An Historic Dollar Range That's on "Borrowed Time"
The US dollar index has now been range bound for the longest period in the last 28 years, and when that range is ultimately broken, it could signal a major shift toward heavy volatility and plentiful trade opportunities.
I had a conversation yesterday with a former boss and now good friend of mine who recently attended a meeting with some hedge fund giants. Included in that meeting was my personal favorite, Paul Tudor Jones.
My former boss said that one very interesting takeaway from the meeting was that many of the hedge fund giants agreed about the notion that today’s markets are very difficult compared to prior years.
Volatility, for short-term traders, is our best friend, afterall, and that got me thinking: How could the markets—specifically the currency markets—exhibit such low volatility during a debt crisis, which would be widely expected to produce more volatility?
The main reason is because major central banks have dropped interest rates in unison to rock-bottom levels, effectively creating very small interest rate differentials. At the same time, however, the central banks have been creating massive amounts of credit to purchase fixed-income assets in hopes of pinning rates at those artificially low levels. So far, the central banks have succeeded, and as a result, volatility has been severely suppressed.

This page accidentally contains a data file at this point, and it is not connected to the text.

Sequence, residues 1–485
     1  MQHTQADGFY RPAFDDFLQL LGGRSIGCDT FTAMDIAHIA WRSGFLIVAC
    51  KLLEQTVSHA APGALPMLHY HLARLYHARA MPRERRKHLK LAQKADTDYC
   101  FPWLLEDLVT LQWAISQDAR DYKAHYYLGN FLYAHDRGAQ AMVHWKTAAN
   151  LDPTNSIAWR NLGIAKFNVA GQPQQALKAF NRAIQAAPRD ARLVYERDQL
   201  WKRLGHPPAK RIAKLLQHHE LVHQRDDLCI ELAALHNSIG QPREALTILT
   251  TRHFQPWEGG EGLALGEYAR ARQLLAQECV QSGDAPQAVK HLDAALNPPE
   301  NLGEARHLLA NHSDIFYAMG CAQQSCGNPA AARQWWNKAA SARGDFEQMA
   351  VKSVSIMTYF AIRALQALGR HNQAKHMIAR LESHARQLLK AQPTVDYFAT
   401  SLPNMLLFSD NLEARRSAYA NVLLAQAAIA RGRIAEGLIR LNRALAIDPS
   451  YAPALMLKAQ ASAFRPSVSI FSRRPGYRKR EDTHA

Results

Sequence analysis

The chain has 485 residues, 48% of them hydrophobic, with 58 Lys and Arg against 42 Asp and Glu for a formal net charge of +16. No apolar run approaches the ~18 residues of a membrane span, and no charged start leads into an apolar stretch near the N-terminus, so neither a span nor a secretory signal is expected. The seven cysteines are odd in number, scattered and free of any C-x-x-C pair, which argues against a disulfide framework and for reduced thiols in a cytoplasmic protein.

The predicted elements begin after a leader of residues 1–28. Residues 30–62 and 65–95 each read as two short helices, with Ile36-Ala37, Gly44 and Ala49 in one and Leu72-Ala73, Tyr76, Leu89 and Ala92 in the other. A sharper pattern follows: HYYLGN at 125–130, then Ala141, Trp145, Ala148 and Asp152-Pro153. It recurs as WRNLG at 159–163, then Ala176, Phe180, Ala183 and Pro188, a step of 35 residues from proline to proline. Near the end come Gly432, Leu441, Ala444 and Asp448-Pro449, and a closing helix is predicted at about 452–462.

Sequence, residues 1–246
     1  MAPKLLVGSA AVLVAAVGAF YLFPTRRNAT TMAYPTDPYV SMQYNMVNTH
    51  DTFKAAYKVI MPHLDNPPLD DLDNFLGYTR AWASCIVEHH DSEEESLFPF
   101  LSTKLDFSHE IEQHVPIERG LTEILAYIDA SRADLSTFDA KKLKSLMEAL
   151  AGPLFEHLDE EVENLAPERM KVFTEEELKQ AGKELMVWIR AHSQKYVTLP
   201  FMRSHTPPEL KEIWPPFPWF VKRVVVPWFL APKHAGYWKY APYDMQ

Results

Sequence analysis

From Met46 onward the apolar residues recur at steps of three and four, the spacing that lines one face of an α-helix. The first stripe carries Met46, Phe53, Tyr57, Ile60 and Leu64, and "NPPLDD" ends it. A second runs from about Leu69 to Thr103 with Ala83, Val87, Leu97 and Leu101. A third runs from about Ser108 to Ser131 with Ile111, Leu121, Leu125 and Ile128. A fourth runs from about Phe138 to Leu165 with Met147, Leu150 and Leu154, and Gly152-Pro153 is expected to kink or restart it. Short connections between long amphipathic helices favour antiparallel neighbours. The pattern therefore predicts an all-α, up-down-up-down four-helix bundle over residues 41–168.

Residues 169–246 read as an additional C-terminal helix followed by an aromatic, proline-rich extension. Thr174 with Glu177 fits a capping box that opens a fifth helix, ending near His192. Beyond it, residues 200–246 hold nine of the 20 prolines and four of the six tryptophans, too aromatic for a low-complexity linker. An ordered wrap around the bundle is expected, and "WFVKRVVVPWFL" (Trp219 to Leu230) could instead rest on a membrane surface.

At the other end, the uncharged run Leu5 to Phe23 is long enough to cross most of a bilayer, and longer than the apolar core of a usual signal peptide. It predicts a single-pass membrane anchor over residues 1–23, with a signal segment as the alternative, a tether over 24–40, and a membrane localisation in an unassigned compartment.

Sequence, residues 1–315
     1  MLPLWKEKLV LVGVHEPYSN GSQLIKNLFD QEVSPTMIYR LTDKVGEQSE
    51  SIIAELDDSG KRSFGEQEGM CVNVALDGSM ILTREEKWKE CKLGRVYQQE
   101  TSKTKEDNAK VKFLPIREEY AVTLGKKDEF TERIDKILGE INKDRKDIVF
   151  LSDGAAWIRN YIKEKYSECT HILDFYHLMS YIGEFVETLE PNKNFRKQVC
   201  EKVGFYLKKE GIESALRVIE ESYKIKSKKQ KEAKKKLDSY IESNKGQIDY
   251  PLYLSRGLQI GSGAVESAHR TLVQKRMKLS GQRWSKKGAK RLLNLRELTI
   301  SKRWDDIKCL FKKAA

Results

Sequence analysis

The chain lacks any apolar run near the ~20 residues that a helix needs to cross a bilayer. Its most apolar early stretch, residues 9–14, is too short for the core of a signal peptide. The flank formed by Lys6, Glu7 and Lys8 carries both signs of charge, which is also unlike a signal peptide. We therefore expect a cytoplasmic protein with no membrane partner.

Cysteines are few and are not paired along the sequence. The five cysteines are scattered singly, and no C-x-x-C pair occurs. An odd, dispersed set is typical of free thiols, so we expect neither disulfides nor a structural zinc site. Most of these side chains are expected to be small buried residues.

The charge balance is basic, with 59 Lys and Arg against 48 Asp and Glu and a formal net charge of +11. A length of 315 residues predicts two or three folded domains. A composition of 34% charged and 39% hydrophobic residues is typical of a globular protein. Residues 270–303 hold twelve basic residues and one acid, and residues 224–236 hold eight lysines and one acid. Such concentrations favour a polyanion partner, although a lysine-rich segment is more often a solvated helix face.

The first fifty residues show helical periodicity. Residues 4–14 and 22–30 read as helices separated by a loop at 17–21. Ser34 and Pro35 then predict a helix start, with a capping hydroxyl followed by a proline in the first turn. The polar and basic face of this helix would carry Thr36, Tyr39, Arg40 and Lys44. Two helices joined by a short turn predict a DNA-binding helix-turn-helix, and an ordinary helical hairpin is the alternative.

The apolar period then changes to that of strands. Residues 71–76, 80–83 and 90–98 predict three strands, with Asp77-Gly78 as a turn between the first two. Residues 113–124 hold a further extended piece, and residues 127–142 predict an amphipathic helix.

However, the chart below suggests that volatility may not stay low for much longer.
Guest Commentary: Multi-Year Dollar Range Is on “Borrowed Time”
The US Dollar Index chart above dates all the way back to 1985. And, in those 28 years, there have been two major consolidation, low-volatility periods.
The first one was from June 1989 until January 1997, which calculates out to be 91 monthly bars, 390 weeks, or 2700 trading days. The second major consolidation over the last 28 years is actually happening right now. It formed just prior to the housing collapse and credit crisis in November 2005. And, if history is any guide to future market behavior—and we all know it is—the ongoing consolidation is currently on borrowed time.
Considering 91 monthly bars, 390 weeks, or 2700 trading days projected out from November 2005, it gives us equality of the ranges in late-May 2013. The current consolidation is now three months longer than the biggest currency market consolidation in 28 years.
Now, I have no idea what the catalyst will be that ejects us out of the current range, but that catalyst is coming soon, and when it does, expect volatility, ranges, and trading conditions to be plentiful.
By Todd Gordon of TradingAnalysis.com
DailyFX provides forex news and technical analysis on the trends that influence the global currency markets.